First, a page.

Advice for the Democrats, from Clive Crook (love that name!) of the Financial Times:
Up to now, Democrats have been stinting in their recognition that the situation in Iraq has improved: “Yes, violence is down a bit, but . . .” That is the wrong posture. They need to celebrate the success, as long as it lasts, as enthusiastically as the Republicans…. Any suspicion that they are rooting for defeat in Iraq could sink them.
I’ve referred before to the growing—if somewhat begrudging—acknowledgment in the MSM that things are going significantly better lately in Iraq, and the fact that, if trends in that country continue in an upbeat direction, the Democrats may need to change course in their attitude towards our efforts there. But the advice in the Crook article demonstrates one of the flaws in that approach, and that is this: even if the Democrats ultimately take his advice, will they be seen as acting on principle, or merely as adopting a strategic new pose designed to further politics as usual—in other words, their own re-elections in 2008?
Perhaps it’s wrong (and it certainly is naive) to expect politicians of either party to consistently act out of sincerity, principle, statesmanship, and to further the good of the country. It may be like asking a tiger to change its stripes. It’s certainly not wrong to want them to, however.
The danger for the Democrats right now is that they may already have tipped their hand by acts such as pronouncing the surge a failure before it had even begun, and continuing with efforts to cut off funding way past the time when it appeared that results were encouraging. The nearly-inescapable conclusion is that—at least, ever since the surge—they’ve been playing self-serving and partisan politics with the military and the war effort, despite all those “ah, but I support the troops” protests on their part. Any reversal at too late a date might likewise seem self-serving, partisan, and political.
There is evidence that the public is beginning to think the war effort is going better. Although it’s still not a majority opinion, the trend is towards more positive opinions about the Iraq effort—which means, against the Democrats. They must be getting a bit worried:
Though the successes have been underreported, a Pew Research Poll found that 44 percent of Americans think the war is going “very” or “fairly” well, while a CBS poll found the number of Democrats thinking the war was going “very badly” had fallen 12 points (to 45 percent) over three months.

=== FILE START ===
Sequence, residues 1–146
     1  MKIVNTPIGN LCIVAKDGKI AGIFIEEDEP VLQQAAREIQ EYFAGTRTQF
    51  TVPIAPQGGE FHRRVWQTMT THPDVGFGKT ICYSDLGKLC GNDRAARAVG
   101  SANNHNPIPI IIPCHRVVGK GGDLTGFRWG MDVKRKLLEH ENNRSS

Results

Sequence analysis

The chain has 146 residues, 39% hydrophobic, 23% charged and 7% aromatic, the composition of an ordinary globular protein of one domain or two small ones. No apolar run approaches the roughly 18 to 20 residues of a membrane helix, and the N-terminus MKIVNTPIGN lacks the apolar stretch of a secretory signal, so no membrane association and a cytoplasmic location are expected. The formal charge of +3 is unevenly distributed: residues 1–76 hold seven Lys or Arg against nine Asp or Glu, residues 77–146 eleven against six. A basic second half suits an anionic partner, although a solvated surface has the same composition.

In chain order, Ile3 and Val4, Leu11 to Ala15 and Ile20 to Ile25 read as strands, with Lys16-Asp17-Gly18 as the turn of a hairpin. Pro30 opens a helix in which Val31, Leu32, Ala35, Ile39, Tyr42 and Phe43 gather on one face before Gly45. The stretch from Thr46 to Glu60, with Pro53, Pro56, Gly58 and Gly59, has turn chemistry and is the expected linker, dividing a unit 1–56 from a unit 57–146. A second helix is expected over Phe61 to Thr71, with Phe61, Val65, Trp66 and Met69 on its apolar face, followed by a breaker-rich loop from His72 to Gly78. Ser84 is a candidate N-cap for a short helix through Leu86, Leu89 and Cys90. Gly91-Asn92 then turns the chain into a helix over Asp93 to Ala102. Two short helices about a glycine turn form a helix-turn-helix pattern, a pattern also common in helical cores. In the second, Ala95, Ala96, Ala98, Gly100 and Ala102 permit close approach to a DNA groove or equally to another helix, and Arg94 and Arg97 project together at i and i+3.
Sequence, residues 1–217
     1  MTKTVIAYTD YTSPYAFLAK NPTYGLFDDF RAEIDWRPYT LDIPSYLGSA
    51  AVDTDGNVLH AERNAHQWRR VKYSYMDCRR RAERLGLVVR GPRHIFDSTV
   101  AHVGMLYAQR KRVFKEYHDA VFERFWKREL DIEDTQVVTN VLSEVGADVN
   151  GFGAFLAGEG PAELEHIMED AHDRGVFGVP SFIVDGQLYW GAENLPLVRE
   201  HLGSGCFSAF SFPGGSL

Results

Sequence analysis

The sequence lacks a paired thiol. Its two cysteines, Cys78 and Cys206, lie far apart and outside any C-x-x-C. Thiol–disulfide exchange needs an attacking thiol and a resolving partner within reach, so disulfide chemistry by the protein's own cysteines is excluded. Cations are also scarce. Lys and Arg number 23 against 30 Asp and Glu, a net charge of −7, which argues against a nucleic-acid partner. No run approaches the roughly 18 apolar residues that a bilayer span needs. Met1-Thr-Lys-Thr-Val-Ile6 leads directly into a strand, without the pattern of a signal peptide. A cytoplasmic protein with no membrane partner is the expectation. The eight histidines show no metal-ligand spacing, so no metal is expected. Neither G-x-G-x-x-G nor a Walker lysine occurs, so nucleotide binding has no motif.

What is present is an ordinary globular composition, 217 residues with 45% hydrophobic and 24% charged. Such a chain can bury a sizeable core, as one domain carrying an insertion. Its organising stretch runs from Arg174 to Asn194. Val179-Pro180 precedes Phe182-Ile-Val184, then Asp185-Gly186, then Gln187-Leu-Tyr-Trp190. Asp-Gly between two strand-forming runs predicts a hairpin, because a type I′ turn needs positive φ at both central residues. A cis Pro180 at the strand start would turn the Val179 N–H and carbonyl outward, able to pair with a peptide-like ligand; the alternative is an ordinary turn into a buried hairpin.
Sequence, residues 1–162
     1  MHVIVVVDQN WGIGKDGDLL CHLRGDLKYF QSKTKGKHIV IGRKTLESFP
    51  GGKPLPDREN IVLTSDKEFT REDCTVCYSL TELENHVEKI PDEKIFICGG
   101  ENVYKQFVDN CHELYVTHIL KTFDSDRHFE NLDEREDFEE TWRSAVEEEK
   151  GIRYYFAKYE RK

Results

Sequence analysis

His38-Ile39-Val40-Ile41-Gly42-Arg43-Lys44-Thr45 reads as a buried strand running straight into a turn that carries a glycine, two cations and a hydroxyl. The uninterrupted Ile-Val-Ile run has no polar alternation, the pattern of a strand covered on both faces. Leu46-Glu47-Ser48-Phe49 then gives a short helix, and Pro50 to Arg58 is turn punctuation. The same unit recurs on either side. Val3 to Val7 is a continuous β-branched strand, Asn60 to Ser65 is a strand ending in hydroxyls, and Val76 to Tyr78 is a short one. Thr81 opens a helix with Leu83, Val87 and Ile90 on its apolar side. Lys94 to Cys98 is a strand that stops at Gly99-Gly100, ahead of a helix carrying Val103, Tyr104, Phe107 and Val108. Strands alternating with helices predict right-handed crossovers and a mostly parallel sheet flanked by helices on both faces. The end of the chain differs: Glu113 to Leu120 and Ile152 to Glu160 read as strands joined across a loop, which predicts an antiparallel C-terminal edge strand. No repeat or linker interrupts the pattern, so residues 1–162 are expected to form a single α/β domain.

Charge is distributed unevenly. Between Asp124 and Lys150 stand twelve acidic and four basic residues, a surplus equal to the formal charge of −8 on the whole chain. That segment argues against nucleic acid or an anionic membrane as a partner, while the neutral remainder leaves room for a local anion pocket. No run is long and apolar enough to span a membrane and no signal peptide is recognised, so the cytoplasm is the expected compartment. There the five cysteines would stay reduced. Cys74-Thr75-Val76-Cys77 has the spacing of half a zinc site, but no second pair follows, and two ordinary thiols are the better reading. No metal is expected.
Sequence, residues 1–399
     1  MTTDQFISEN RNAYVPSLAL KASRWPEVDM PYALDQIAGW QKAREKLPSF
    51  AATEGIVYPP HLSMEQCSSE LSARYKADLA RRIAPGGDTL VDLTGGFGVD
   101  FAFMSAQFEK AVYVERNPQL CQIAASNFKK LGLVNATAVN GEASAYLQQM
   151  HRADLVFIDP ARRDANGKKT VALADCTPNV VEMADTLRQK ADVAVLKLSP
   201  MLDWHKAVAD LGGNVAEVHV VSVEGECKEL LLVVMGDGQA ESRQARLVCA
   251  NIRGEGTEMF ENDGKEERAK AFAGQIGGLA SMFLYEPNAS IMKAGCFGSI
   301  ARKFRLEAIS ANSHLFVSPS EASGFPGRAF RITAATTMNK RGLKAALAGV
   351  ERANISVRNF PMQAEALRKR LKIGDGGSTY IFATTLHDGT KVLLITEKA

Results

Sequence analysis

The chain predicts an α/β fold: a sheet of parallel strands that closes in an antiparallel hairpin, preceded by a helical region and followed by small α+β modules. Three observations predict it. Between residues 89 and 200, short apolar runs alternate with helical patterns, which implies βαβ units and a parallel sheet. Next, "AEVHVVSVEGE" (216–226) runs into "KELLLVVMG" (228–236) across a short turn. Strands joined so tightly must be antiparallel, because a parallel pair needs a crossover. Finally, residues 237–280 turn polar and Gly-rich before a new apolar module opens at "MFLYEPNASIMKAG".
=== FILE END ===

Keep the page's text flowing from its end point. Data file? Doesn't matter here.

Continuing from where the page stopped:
Making policy by poll, and pandering to whatever may be the more popular position at the time, is often called “democracy” by supporters, and “pandering” and “waffling” by critics. Democrats are especially susceptible to these latter criticisms. Just think of Bill Clinton, or those Republican ads in 2004 featuring John Kerry windsurfing.
Most people want a president and other elected officials to be responsive to public opinion, but also to have their own well-founded positions based on important philosophical principles they hold dear, and to have the backbone to stick with them. Of course, the latter can be taken to an extreme—that’s what’s behind the cries of “too stubborn, too inflexible” leveled at Bush.
The bottom line is that people want politicians to take stances based on integrity, which requires being flexible enough to change position when facts dictate such a fine-tuning—or even a reversal—of position. But those facts should not be based simply on what the MSM suggests, or what is merely popular (we have a representative government rather than a pure democracy, after all)—or, especially what is expedient in terms of their own electability.
Regrading Iraq, Bush is vulnerable to charges of stubbornness and rigidity for not responding earlier to the decline of the situation there. Many observers suggest it would have been better policy to have appointed General Petraeus sooner (see this post of mine on the subject, as well as some of the comments there suggesting that the policy might not have been successful, however, had it been adopted any earlier). But even among Bush’s enemies, few accuse him of having no spine, or of lacking the ability to buck public opinion.
Many of the Democrats are vulnerable to just these charges, especially those who supported the war in the first place but changed their minds afterwards and who continue in attempts to block funds for it, even post-surge. It is probably already too late for them to change their minds once again in favor of it and to still be considered principled (unlike, for example, Brian Baird, who established his bona fides in the principled mind-changing department some time ago).
Crook writes that if Democrats continue to oppose the Iraq effort at this point it would be the wrong posture for them to adopt. The problem for many Democrats lies in the fact that any change in attitude at this point will probably be seen as just that: a pose.